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Link to an image of this page  Link to an image of this page  [Q4r f111r]

EMBLEMA CLXXV [=174] .

Fatuitas.

Stupidity.

Miraris nostro quòd carmine diceris Otus,[1]
Link to an image of this page  Link to an image of this page  [Q4v f111v]Sit vetus à proavis cum tibi nomen Otho.[2]
Aurita est, similes, & habet ceu noctua plumas,[3]
Saltantemque auceps mancipat aptus avem.[4]
Hinc fatuos, captu & faciles, nos dicimus othos,
Hoc tibi conveniens tu quoque nomen habe.

You are surprised that in my poem you are called Otus, when your ancient family name, handed down for generations, is Otho. The otus is eared and has feathers like the little owl. The skilful birdcatcher gets the bird into his power as it dances. For this reason we call stupid people, easy to catch, oti. You too can have this name, which suits you.

Das CLXXV [=174] .

Torheit.

Das ich dich hab gnannt ein Nachtrab
Der du doch heissest der Nachtrab
Und hast den namm von deim Gschlecht her
Verwunderts sich hefftig und sehr
Der Nachtrab am kopff Oren hat
Am Plaum ist er gleich der Eulspat
Der Vogler in zu fahen weist
So er vor im her tantzen heist
Daher wir die törechte Leut
Die andern bald werden zur beut
Nennen Nachtrabn, diesn namen dir
Auch haben solt, der dir gebür.

Notes:

1.  Otus, the long-eared owl.

2.  It is unclear exactly what Alciato is referring to here. As is made clearer by Mignault in the commentary it is not the Emperor Otho (see note 5, below), but the bustard (otis in Latin, otide in French), a large tufted bird that has interesting mating habits, which (following the commentary in the 1615 edition) consists of strutting and preening to such an extent that the bird is easy to catch. It is there likened to a man named Otho known for his haughty manner, who came from an ancient lineage, in which instance Alciato could originally have been referring in a punning manner to Lucius Roscius Otho, a Roman tribune who authored the law that the knights should occupy the premier seats in a theatre and was much abused for it.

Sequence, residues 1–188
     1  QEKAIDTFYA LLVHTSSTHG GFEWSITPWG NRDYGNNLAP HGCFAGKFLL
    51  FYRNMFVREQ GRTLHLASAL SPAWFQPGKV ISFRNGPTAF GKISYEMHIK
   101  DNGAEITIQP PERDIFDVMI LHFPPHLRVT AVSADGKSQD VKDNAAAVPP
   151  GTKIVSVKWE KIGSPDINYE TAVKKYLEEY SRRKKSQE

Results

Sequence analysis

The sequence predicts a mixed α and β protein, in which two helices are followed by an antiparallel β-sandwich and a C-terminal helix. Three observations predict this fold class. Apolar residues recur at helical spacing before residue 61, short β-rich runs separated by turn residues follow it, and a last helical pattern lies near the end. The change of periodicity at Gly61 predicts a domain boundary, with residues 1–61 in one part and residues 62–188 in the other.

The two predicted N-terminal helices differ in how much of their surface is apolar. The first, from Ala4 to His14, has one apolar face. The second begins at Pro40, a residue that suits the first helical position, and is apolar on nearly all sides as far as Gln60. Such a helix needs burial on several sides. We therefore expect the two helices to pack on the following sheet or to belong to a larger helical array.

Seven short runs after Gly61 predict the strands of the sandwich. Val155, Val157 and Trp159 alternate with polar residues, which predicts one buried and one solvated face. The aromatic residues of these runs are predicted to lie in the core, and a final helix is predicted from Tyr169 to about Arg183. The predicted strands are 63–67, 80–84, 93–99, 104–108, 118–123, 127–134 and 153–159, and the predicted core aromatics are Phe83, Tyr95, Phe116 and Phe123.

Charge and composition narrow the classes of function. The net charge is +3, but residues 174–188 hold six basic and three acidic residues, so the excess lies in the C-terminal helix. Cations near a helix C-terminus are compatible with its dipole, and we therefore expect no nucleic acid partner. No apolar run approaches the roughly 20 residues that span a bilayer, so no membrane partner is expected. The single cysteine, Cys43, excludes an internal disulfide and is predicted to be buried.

3.  See Pliny, Natural History, 11.50.137: only the eagle-owl and the long-eared owl have feathers like ears (the little owl - noctua - does not in fact have ear-tufts).

4.  See Pliny, Natural History, 10.33.68: ‘The otus is an imitator of other birds and a hanger-on, performing a kind of dance; like the little owl, it is easily caught, when its attention is fixed on one person while another person circles round it’. See also Plutarch, Moralia, Bruta animalia ratione uti, 951E.


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    Link to an image of this page  Link to an image of this page  [Y8v f176v]

    IN EOS QUI SUPRA VIRES
    quicquam audent.

    Those who venture on what is beyond their powers.

    Emblema 58.

    Dum dormit, dulci recreat dum corpora somno
    Sub picea, & clavam, caeteraque arma tenet.
    Alciden Pygmaea manus[1] prosternere letho
    Posse putat, vires non bene docta suas.
    Excitus ipse, velut pulices, sic proterit hostem,
    Et saevi implicitum pelle leonis[2] agit.

    While Alceus’ descendant was sleeping, while he was refreshing his body with gentle slumber, beneath a spruce tree, keeping hold of his club and other weapons, a band of pygmies thought they could lay him low in death, not really grasping the limit of their powers. But he, waking up, crushed the foe like fleas, and carried them off, wrapped up in the fierce lion’s skin.

    Notes:

    1.  Hercules’ confrontation with the pygmies is described by Philostratus, Eikones 2.22.

    2.  ‘the fierce lion’s skin’, the skin of the Nemean lion which Hercules always wore after slaying the beast. (See [A15a136], notes; [A15a179]).


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